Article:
House Democratic leaders yesterday formally called for President Donald Trump’s removal from office, arguing that he “ignored and injured the interests of the nation” in two articles of impeachment that accused him of abusing his power and obstructing Congress. But what do young people—for most, the first impeachment in their lifetime—think about it? We asked Student Nation contributors to share their thoughts, answering the question: How does the current effort to impeach President Trump affect your day-to-day life? How does it inform your view of the future?
My home district in Tennessee hasn’t elected a Democrat to Congress since before the light bulb was invented. Yet, since 2016, many of my neighbors have been inspired like never before. I see them, rain or shine, grinning and holding signs that say, “Honk for impeachment.” Since protest signs were mostly banned in our state legislature, they instead stand on street corners or by stop signs. Many are standing alone.
As shocking as are the accusations of election tampering, or digging up dirt on political rivals, or the countless other times Trump seems to have his finger on the scale, more surprising to me is the fact that so many of us are finally speaking up.
Election tampering is endemic in the South, and much of it is arguably worse than anything of which Trump has been accused. Jim Crow was hatched in a backroom deal brokering the 1876 presidential election. It took almost a century to regain what the South lost that night, and just in my lifetime we’ve lost much of the Voting Rights Act. Even if it’s true that the Russians were responsible for purging voter rolls, it would have been another instance of something our own government already does. The practice of illegally digging up dirt on political rivals didn’t begin with a call to Ukraine. And while voter suppression has certainly accelerated in recent years, it’s not entirely true that this is “not normal.”
It’s so hard to vote in Tennessee that even experts can’t figure it out. We’re at the bottom in voter turnout not just because of bots or bad algorithms, but ultimately because of ourselves. We turn away or tune it out, because we believe we’re powerless.
Our elections, like our legal system as a whole, have power because people believe in them. In the words of Mimi Rocah, one of my law professors, “People need to see the rule of law vindicated in some way. Seeing the lawlessness and corruption of this presidency go unaddressed makes people lose faith in the institutions that we as a society need to function.”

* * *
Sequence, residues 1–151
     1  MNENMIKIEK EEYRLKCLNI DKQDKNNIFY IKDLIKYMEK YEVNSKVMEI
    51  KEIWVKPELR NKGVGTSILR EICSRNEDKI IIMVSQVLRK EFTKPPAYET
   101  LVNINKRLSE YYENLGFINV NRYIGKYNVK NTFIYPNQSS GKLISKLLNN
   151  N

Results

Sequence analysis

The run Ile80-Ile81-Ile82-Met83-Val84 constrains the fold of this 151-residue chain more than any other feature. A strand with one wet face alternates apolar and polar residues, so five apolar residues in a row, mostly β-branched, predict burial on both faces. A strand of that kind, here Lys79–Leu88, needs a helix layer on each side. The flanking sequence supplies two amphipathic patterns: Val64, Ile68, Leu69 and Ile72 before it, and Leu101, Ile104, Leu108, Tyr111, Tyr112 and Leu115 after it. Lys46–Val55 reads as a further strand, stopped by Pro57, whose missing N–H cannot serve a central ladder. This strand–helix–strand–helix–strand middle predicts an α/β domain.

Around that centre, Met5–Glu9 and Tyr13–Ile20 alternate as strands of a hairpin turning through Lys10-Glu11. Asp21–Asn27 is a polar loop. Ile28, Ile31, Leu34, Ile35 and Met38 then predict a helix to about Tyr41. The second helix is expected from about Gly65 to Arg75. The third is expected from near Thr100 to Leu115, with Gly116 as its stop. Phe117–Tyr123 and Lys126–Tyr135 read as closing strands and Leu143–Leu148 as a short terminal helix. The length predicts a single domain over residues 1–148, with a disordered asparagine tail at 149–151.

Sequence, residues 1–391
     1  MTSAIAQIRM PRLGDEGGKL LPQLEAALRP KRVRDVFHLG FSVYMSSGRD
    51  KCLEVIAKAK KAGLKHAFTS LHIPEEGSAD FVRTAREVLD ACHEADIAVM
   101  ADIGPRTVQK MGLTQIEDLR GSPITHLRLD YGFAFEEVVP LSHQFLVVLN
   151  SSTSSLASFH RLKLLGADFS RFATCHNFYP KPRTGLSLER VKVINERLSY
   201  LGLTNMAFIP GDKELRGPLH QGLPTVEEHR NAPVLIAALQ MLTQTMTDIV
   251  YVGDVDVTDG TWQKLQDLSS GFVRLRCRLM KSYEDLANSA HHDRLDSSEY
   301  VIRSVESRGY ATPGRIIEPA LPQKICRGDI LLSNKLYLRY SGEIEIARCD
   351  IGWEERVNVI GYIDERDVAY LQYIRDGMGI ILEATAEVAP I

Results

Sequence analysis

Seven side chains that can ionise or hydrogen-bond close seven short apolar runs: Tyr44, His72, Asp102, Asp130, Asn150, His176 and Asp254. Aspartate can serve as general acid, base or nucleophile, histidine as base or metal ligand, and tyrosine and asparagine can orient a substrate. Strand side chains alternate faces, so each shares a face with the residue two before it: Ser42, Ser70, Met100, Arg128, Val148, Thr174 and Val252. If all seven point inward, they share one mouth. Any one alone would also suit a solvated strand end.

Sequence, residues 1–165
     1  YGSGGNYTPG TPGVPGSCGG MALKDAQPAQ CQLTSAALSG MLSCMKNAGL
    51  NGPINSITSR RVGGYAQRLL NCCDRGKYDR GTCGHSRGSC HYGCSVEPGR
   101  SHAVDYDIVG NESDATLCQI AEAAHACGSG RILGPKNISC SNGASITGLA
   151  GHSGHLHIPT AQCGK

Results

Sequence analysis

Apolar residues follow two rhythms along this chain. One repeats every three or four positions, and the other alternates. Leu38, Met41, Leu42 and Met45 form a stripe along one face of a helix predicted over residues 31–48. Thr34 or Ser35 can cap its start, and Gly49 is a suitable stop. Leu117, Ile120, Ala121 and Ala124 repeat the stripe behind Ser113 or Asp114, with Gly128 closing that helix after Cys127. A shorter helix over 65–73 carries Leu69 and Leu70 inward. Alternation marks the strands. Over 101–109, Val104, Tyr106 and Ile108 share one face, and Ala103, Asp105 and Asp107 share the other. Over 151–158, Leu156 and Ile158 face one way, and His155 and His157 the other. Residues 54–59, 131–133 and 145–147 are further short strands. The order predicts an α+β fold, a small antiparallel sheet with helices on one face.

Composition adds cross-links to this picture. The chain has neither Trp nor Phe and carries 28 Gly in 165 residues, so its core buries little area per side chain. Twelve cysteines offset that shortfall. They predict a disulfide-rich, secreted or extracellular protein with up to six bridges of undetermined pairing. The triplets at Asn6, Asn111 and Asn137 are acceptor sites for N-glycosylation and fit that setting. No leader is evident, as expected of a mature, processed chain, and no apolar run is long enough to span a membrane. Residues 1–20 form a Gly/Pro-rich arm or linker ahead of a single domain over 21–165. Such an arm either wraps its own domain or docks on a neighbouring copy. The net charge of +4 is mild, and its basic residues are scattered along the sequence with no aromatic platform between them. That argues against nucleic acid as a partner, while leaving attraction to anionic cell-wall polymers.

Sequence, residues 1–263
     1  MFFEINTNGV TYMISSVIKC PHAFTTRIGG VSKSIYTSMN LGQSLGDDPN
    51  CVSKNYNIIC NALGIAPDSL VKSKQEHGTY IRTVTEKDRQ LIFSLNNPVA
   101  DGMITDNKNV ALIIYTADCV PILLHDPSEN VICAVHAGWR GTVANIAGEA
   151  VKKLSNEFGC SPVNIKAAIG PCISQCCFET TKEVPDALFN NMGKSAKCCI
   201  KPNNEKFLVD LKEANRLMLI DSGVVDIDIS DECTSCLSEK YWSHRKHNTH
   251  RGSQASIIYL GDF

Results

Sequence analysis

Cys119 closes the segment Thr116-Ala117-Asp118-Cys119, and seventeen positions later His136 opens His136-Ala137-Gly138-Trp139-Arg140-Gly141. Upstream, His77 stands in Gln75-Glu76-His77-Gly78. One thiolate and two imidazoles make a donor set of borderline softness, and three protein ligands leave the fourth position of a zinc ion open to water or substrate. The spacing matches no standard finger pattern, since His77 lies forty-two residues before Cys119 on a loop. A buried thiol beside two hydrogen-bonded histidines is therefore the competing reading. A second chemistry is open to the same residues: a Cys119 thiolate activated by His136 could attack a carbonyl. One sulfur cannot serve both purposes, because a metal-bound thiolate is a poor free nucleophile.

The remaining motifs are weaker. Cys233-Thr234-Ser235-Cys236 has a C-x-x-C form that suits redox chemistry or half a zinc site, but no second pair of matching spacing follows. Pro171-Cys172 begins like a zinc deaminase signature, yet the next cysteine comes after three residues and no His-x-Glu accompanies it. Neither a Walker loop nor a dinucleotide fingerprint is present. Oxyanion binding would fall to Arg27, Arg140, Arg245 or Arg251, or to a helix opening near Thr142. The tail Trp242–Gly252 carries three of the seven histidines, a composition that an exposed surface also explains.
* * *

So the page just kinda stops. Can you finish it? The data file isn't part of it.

The mindset that says there’s no point in charging Trump if he’s never convicted is the same mindset that says the South is already a lost cause. But you shouldn’t stand for something because it’s popular. You should be willing to stand for what you believe in, even if you’re standing alone, by a stop sign, or in the rain.
—Robin Happel, Pace University
In many ways, the impeachment inquiry in the House of Representatives has been a long time coming. From the time Trump was elected, he has shown an open contempt for the laws and systems designed to check presidential power. Congress has seemed willing to tolerate any number of flagrant ethical and legal violations, seemingly in an attempt to maintain “business as usual.”
For many young voters, the delay in initiating a formal inquiry signaled an increasing lack of moral clarity among congressional Democratic leaders. Many of us wondered what more the Democrats needed to see: Trump was making his abject bigotry and inability to perform the duties of the office clear before he was even elected.
Still, the day-to-day problems of many Americans are exactly the same as they were before the formal impeachment inquiry was announced. I fully support impeachment and believe Donald Trump is entirely unfit for office—but I also believe that impeachment alone will not motivate voters, including young voters, in 2020. Democrats won’t be able to ride impeachment to victory. They will need to stand for something more.
Moving to impeach a president is certainly a bold move. But we will need to be even bolder to combat income inequality, address gun violence (including by police), fix the housing crisis, and tackle climate change, to name only a few key issues of our time. In his brief time in office, Trump has already made these battles more difficult; removing him from office won’t undo that damage. The truth is that congressional Democrats should have moved to impeach earlier: Our windows of opportunity are closing, especially on curbing our carbon emissions, and Trump has cost us valuable time. Impeachment proceedings are necessary—not because we’ll get that time back, but because we can’t afford to lose any more.